NEW YORK (TheStreet) -- If the new Xbox One from Microsoft
(MSFT), the flagship of its "One Microsoft Strategy," does not sell well, the first order of business for the new chief executive officer could be to oversee the split up of the company.
High tech behemoths like Apple (AAPL) and Sony (SNE), which produces the main competitor to the Xbox with the Playstation, have been under pressure from activist investors. Carl Icahn staked out a position in Apple to force the company into a $150 billion share buyback program. Sony is under pressure from Daniel Loeb of Third Point to impose "...a more disciplined management approach..." Microsoft has already made a significant concession to ValueAct Capital Management, a hedge fund that bought less than 1% of the shares earlier in the year, by allowing its president, G. Mason Morfit to join its board in early 2014.
Based on the performance of the stock, there was certainly no reason for Steve Ballmer to go; the share price for Microsoft is up more than 40% in 2013. But according to a recent article in The Wall Street Journal, the board of directors pushed Ballmer out due to his inability or unwillingness to make changes. What does the board want from the next chief executive officer?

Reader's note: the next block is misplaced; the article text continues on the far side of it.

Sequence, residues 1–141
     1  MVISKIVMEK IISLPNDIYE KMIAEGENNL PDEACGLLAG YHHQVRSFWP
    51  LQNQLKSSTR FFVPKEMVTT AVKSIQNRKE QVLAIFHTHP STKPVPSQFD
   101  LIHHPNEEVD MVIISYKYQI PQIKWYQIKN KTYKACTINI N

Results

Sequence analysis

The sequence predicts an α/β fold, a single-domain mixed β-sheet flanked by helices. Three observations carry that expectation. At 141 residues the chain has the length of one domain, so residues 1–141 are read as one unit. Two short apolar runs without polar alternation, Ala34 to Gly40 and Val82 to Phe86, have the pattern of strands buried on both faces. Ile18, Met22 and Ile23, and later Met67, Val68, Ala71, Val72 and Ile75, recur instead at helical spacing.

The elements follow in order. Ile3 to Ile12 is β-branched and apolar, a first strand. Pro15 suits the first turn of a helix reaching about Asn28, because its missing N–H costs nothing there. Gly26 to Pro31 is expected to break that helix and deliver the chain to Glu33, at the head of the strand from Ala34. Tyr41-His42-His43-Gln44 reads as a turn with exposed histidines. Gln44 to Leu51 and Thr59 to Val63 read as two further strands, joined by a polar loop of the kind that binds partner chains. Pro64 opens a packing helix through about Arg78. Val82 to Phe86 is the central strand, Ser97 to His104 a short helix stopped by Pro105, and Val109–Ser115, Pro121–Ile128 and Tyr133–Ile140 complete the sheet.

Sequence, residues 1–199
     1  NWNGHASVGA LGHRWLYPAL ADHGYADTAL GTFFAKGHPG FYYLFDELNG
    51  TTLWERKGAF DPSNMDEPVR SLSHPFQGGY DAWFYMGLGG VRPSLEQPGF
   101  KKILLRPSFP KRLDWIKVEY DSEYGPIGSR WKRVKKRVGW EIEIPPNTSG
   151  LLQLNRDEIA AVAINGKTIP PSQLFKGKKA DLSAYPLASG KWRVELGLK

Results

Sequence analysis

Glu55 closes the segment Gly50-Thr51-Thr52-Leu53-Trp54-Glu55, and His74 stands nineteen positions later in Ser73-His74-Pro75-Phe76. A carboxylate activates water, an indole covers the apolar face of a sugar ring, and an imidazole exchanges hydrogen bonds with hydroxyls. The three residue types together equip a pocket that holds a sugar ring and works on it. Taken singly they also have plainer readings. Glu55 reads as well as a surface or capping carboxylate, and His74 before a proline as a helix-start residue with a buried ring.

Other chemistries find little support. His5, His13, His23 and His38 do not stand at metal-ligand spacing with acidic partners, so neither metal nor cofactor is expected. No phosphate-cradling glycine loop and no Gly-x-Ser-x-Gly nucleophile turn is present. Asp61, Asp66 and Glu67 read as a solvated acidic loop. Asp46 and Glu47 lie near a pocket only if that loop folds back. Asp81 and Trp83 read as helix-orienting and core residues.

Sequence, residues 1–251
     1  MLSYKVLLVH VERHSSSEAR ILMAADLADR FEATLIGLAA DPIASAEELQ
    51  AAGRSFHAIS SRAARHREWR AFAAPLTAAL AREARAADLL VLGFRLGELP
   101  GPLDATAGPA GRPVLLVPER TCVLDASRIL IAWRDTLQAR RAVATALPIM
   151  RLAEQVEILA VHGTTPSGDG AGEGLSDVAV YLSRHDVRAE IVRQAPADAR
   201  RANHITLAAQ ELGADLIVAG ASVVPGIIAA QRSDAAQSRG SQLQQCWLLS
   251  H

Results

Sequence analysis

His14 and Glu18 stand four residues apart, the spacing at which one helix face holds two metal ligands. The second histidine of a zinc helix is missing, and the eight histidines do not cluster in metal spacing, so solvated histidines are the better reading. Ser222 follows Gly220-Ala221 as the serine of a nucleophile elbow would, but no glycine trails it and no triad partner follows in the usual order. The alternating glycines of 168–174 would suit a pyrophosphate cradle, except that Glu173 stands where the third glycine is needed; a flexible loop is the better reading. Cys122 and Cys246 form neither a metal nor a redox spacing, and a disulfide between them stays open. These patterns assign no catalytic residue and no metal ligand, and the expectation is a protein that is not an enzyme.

In the words of Preston Gralla in Computer World, "The board and investors clearly want someone interested in breaking with Microsoft's past and is capable of doing it quickly."
"Breaking with Microsoft's past" could mean splitting up the company if the sales of the Xbox One disappoint. The Xbox One is a significant test of what Ballmer's "One Microsoft Strategy." That was the effort of Ballmer to break through the divisions of Microsoft and have all work together on products. From that, more customers will result for more Microsoft products and services. As Julie Larson-Green, the Executive Vice President of Microsoft for Hardware, stated in Bloomberg Businessweek, "It's more than a gaming platform. We're thinking more about our devices as a stage for all of Microsoft."
As for how it acts on that stage, Microsoft was described by Stanford University's Vivek Wadhwa as akin to "the former Soviet Union." Hardly an outside observer casting stones from an ivory tower, Wadwa wrote in the Washington Post that, "My former students and friends who work at Microsoft tell me that they love the company, but are stifled by its bureaucracy, turf wars and central planning."
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